In this final installment from the first Seeking Delphi™ visit to SXSW, we hear from two of the most remarkable individuals I have ever had the pleasure of meeting
The session, entitled Extreme Bionics: The Future of Human Ability, delved 100 years into the past, covering the history of prosthetic devices from the crude low-tech devices built for World War I amputees, through to the increasingly high tech devices of today. Furthermore, it looked to a future that might bridge the final gap to neurological embodiment of artificial limbs, and various technologies that will enhance natural biological human abilities along with prosthetic devices.
Aimee Mullins was born without shin bones and lost both of her legs below the knee at the age of one. She has hardly let that stop her–she was a paralympian and is a model and actress. Most notably, she had a recurring role in season two of the hit Netflix series, Stranger Things.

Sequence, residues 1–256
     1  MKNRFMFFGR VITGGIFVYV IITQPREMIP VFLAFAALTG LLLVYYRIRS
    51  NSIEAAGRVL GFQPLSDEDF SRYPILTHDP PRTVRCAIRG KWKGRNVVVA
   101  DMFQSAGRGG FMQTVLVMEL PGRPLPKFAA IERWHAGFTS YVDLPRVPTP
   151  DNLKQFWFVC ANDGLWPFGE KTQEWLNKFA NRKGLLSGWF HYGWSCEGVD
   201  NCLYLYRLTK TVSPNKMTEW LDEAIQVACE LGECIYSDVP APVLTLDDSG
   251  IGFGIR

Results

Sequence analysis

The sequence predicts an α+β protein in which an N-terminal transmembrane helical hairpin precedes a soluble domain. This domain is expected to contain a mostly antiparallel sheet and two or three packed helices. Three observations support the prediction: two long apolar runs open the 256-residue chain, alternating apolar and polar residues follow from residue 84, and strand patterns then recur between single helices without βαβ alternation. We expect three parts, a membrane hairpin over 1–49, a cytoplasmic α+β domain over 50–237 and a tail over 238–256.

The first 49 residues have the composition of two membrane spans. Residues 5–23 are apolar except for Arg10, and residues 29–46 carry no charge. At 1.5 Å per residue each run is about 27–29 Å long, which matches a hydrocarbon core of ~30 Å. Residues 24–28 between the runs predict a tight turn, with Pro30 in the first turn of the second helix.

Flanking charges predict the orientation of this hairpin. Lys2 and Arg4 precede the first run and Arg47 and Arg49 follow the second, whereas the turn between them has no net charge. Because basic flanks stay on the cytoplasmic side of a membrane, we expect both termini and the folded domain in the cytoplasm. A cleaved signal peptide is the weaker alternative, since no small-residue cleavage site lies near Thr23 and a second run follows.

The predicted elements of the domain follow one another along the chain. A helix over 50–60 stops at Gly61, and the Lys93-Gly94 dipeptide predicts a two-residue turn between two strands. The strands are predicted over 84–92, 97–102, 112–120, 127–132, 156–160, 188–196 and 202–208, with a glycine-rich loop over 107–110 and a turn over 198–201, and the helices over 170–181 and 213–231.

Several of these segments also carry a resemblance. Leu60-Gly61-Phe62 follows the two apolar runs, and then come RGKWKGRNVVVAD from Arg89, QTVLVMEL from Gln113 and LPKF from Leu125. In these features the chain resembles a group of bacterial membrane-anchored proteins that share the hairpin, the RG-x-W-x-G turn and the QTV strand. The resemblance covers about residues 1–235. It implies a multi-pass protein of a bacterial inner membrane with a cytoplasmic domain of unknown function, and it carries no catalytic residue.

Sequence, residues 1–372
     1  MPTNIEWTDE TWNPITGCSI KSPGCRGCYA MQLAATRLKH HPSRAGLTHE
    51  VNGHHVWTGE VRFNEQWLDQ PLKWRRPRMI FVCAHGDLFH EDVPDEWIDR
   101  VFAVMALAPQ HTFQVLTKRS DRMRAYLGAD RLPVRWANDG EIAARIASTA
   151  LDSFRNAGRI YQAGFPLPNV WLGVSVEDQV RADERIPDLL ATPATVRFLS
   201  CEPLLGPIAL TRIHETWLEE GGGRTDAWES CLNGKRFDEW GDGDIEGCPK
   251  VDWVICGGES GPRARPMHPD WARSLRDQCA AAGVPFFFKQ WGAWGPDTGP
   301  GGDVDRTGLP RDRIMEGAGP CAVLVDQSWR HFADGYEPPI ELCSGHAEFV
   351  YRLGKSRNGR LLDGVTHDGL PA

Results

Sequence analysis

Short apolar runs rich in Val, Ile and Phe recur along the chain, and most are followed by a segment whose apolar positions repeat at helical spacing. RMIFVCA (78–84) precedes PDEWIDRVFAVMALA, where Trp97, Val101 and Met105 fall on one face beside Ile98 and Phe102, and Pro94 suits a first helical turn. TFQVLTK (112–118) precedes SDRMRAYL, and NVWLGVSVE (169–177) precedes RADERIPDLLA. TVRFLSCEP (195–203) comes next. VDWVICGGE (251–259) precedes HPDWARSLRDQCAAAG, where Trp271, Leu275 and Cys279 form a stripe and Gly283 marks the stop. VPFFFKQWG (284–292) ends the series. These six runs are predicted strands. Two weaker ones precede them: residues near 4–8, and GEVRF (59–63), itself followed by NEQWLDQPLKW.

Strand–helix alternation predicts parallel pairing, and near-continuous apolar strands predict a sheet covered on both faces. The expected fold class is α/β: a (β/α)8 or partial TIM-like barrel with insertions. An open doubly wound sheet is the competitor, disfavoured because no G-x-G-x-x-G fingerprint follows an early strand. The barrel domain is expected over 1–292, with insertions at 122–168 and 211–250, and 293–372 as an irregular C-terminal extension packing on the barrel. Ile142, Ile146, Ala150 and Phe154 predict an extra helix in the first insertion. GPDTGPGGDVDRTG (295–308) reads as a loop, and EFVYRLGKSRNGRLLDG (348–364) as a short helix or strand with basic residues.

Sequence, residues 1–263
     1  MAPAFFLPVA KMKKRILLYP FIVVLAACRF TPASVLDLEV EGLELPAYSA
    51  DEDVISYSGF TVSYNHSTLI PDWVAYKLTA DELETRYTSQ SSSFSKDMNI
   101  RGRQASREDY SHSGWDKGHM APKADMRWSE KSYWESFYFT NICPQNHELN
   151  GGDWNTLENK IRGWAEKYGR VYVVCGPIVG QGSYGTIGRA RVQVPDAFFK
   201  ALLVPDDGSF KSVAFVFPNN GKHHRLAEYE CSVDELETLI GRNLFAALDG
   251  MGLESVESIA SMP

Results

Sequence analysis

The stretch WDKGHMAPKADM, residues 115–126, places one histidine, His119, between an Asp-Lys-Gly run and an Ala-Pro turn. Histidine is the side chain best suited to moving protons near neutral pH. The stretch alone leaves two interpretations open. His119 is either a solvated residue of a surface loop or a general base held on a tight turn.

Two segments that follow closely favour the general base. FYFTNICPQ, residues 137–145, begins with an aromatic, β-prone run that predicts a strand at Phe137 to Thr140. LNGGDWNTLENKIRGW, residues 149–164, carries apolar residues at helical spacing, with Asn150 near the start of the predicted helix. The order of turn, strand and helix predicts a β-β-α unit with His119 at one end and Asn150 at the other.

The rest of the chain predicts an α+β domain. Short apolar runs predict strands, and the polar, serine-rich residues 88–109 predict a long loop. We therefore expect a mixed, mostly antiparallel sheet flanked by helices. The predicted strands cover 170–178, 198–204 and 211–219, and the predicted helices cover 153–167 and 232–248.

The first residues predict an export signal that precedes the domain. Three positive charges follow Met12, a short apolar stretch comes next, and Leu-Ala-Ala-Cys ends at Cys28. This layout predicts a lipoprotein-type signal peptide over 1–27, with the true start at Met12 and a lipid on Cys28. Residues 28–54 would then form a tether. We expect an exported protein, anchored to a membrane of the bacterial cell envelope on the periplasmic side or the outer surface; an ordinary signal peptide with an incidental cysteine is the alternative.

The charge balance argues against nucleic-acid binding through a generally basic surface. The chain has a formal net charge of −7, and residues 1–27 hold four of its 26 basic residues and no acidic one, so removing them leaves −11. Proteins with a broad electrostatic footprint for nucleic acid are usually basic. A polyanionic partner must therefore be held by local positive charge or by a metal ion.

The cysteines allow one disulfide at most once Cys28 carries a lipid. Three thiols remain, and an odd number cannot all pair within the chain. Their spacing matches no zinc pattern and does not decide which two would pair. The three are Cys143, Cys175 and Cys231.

Hugh Herr lost both of legs below the knee at age 18 to frostbite suffered in a mountain climbing mishap. He is an associate professor and head of the biomechatronics group at MIT’s Media Lab.
In keeping with the future theme of Seeking Delphi™ I asked both of them to imagine the future of these technologies. This panel was part of the IEEE Tech for Humanity series at SXSW 2018. Acknowlegements to them, and to Interprose, for arranging these interviews.
YouTube slide show of SXSW 2018 mini-cast #4
Source: Seeking Delphi™
- How close are we to a real Star Trek-style medical tricorder?
- Building better brains: A bioengineered upgrade for organoids
- Making prosthetic limbs feel more natural